A wise move to Hazard

Select components net Mountain Enterprises a new asphalt plant.

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The slowing U. S. economy is having a significant impact on the asphalt industry. The reality of today’s ever-climbing fuel and liquid asphalt (AC) prices combined with shrinking state Department of Transportation budgets is resulting in fewer let projects, increased competition and asphalt producers looking for ways to be more efficient.

“When I first started in this business in 1974, AC was $28 per ton, and we were laying mix for about $10 per ton,” recalls Murrel Wisdom, general manager for Mountain Enterprises, a subsidiary of Oldcastle Materials, Inc. “Today, liquid asphalt is $700 per ton and mix is about $70 to $80 per ton.”

With its headquarters in Lexington, Mountain Enterprises has been a fixture in Eastern Kentucky for 32 years, and Wisdom has been with Mountain from the beginning. Today, he has managerial responsibility over 10 asphalt plants throughout the company’s Eastern Kentucky market. Five of those are batch plants, while the other five are counterflow drum mix plants. A common link for all of the plants is their heritage, in which all have Terex legacy brand — CMI, Cedarapids and Standard Havens — components.

The producer is undergoing a measured transition of switching all of their plants to counterflow drum mix designs. Its latest conversion and shift to increase efficiency included moving a 1990 Cedarapids counterflow drum, cold feed bins and conveyors from Paintsville to Hazard, KY, to replace a 1970s-vintage Cedarapids batch plant. “The old plant in Hazard was basically worn out, and we are able to cover the Paintsville market with a nearby asphalt plant,” explains Wisdom.

Supplying mix to its internal paving crews and public and private sector customers, Mountain Enterprises needs an efficient plant in Hazard to quickly make a variety of mix designs. Some of the most popular mixes are a 38D, 3/8 inch surface; 75D, ¾ inch base; and 1.5-inch number 4 base products. Whenever possible, the producer tries to run RAP in its designs. “Depending on the product, we’ll run between 10 to 20 percent RAP in mixes for both our public and private customers,” says Bob Graves, area manager for Mountain Enterprises.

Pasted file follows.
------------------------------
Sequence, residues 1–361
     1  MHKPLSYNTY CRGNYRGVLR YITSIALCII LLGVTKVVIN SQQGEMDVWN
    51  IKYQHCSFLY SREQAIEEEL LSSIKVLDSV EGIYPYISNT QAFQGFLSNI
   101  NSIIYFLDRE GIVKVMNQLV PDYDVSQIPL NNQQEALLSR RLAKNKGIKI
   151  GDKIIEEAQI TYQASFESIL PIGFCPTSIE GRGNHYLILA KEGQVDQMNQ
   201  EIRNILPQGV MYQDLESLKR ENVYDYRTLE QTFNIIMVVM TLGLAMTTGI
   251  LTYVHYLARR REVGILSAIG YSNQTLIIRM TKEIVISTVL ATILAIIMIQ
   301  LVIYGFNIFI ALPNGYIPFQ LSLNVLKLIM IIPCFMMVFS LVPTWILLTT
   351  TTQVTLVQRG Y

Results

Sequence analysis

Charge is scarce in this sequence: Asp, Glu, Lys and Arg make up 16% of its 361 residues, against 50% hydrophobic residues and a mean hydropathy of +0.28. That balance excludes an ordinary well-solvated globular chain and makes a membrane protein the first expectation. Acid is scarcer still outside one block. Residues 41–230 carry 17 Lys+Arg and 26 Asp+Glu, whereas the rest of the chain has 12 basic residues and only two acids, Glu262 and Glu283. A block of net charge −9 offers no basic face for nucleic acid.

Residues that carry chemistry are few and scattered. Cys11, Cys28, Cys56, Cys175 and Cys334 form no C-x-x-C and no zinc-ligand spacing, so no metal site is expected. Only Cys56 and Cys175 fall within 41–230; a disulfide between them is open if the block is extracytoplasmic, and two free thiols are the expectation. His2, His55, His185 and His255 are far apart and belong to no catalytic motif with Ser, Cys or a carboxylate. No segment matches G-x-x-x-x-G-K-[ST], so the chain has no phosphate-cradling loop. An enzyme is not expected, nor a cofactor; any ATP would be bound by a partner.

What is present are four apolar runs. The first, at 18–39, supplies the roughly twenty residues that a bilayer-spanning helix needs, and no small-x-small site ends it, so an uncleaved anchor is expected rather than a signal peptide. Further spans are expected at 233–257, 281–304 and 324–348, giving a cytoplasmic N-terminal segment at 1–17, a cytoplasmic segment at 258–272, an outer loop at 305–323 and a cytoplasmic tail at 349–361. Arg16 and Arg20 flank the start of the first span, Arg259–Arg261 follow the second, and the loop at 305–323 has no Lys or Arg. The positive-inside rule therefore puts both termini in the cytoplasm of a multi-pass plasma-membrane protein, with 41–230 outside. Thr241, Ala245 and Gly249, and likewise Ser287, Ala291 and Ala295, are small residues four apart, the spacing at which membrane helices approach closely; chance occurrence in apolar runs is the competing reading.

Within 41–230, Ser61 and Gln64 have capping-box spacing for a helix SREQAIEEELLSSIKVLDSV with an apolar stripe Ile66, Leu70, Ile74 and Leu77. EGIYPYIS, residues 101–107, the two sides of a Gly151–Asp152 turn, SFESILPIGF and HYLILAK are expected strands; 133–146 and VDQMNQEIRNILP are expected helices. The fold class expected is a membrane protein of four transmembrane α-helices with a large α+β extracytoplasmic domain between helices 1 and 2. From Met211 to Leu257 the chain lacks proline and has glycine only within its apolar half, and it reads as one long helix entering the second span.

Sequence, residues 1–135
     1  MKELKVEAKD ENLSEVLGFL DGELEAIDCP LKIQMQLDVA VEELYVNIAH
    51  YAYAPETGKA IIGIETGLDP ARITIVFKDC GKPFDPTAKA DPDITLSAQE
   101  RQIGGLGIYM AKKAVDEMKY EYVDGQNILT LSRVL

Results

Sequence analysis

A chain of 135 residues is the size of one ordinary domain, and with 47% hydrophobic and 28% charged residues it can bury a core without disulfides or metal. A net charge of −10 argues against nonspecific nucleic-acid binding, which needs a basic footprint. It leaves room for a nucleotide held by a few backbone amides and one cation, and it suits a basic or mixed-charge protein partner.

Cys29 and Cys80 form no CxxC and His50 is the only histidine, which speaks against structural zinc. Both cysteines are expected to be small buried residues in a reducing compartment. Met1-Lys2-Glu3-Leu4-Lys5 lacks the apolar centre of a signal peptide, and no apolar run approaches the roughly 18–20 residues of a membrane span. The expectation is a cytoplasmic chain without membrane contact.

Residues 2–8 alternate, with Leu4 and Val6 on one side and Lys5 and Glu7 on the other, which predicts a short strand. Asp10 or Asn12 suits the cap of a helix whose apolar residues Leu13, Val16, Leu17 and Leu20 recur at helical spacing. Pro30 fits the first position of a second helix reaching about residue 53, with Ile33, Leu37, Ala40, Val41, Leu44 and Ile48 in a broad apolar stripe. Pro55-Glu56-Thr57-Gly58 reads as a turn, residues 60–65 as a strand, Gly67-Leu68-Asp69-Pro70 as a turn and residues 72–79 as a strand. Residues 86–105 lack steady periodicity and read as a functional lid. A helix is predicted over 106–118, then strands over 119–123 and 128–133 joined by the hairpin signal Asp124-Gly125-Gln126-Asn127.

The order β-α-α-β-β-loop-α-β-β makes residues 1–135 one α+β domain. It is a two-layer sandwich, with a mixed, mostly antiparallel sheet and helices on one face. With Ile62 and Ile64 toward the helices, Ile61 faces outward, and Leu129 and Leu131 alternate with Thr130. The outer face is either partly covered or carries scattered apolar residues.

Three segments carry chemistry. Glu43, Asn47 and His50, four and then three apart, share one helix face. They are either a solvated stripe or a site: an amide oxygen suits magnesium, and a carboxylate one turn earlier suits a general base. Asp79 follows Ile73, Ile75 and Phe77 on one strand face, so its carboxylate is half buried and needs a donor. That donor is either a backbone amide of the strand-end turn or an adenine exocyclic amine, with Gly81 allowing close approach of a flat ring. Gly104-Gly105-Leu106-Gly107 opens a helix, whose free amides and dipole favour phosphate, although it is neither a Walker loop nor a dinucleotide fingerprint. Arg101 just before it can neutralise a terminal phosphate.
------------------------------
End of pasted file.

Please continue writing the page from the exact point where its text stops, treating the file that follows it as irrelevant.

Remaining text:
Ingenious solution

While the Hazard plant needed to be upgraded, the slow Kentucky asphalt market meant that Wisdom had to be judicious in the selection of a new plant. The Paintsville counterflow drum mixer had produced about 400,000 tons of mix over its life, so Wisdom saw this as an opportunity to save some money on a new plant purchase. “If properly cared for, a Terex drum mixer can produce from 2 to 3 million tons of asphalt over its lifetime,” mentions Steve O’Neal, district manager, asphalt plants for Terex Roadbuilding. “By not replacing the drum, we saved about $500, 000,” adds Wisdom.

While being more than 25 years old, the drum includes virtually the same, proven inside-the-drum counterflow technology as today’s mixers, allowing it to operate with lower emissions than parallel flow drums. “The drum has the patented adjustable slinger, which allows a staged mixing that provides infinite control of exhaust gas temperatures,” mentions O’Neal.

In addition to salvaging and moving the drum mixer, Mountain Enterprises also moved its four cold feed bin system from Paintsville to Hazard. This saved Mountain about another $200,000 off the price of a complete stationary plant. A fifth bin was added to the system for more efficient aggregate utilization when the producer mixes department of transportation designs.

With the bins and drum serving as the anchors of the new plant, the producer added two Terex 200-ton silos, to help improve plant efficiency. “With the two silos, our truck cycle times are nearly twice as fast as they were with our old batch plant,” points out Graves. The Magnum silos are equipped with heavy-duty leg frames and support structures, and 6-inch side and 12-inch top insulation to help increase storage time of the mixes. Silo discharge includes the latest safety gate technology and a 55 degree cone to reduce material segregation.